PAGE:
Prevalence of azole-resistant Aspergillus fumigatus isolates in southern England

Yuyi Zhang - As part of my MSc Epidemiology course at Imperial College London, I undertook a research project involving fieldwork, lab work and DNA sequencing analysis, with Prof. Mat Fisher as my primary supervisor and Dr. Thomas Sewell as my co-supervisor. The primary aim of my project was to determine the prevalence of azole-resistant Aspergillus fumigatus isolates in southern England. We also characterised the susceptibility profiles of the environmental isolates towards medical azoles, along with the underlying resistance mechanisms, and investigated the genetic relationships between isolates.

Environmental sampling locations

A. fumigatus is an opportunistic human pathogen which is ubiquitous in nature. It is the most common species responsible for aspergillosis, a group of diseases caused by Aspergillus infection. in recent years, azole antifungal drug resistance in A. fumigatus has emerged, often conferred by the presence of environmentally linked resistance mechanisms. These resistant isolates have been recovered from both clinical and environmental samples, suggesting an environmental acquisition of azole resistance in A. fumigatus isolates infecting patients.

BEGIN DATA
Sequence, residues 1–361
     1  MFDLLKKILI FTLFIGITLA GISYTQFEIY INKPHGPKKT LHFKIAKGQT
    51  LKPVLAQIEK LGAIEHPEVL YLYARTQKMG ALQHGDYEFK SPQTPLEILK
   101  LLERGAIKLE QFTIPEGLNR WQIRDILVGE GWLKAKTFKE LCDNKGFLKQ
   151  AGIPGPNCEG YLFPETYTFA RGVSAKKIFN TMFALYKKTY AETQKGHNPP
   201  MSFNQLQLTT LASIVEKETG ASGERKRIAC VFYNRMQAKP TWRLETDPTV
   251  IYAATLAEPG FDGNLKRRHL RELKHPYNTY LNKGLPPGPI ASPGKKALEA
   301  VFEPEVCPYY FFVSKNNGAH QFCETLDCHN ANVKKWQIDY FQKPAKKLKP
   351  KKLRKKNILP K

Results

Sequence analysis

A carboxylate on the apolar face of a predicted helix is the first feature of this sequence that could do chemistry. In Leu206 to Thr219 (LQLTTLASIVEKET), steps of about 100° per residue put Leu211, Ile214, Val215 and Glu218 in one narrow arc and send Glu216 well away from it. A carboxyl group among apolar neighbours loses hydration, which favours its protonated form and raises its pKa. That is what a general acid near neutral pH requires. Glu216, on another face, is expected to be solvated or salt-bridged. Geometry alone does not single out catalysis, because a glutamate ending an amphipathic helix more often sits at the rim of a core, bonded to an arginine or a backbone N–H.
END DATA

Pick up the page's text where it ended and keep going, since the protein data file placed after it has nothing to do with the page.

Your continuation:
An azole resistant A. fumigatus colony isolated from a soil sample

During May to July 2018, Thomas and I collected soil samples from 16 sites across southern England, including soil and compost samples obtained from public gardens, parks, cemeteries, and flowerbeds outside hospitals in central London and Bath, as well as flowerbeds around Stonehenge, remote forested regions in the New Forest National Park, a lavender farm in Surrey, a wheat farm, and open space surrounded by farmland in Cambridgeshire.

We observed that the environmental azole-resistant A. fumigatus prevalence in South England is at the lower end of the range found in other European countries. However, high prevalence of azole-resistant A. fumigatus was observed in the urban areas of London and Bath, with clusters of resistant strains surrounding the hospitals. This finding has strong clinical implications, suggesting that changes in clinical primary therapy for aspergillosis treatment may be required. The isolates recovered for this project will be subjected to further studies with the aim of establishing the genetic relatedness and links between environmental and clinical strains in the UK.

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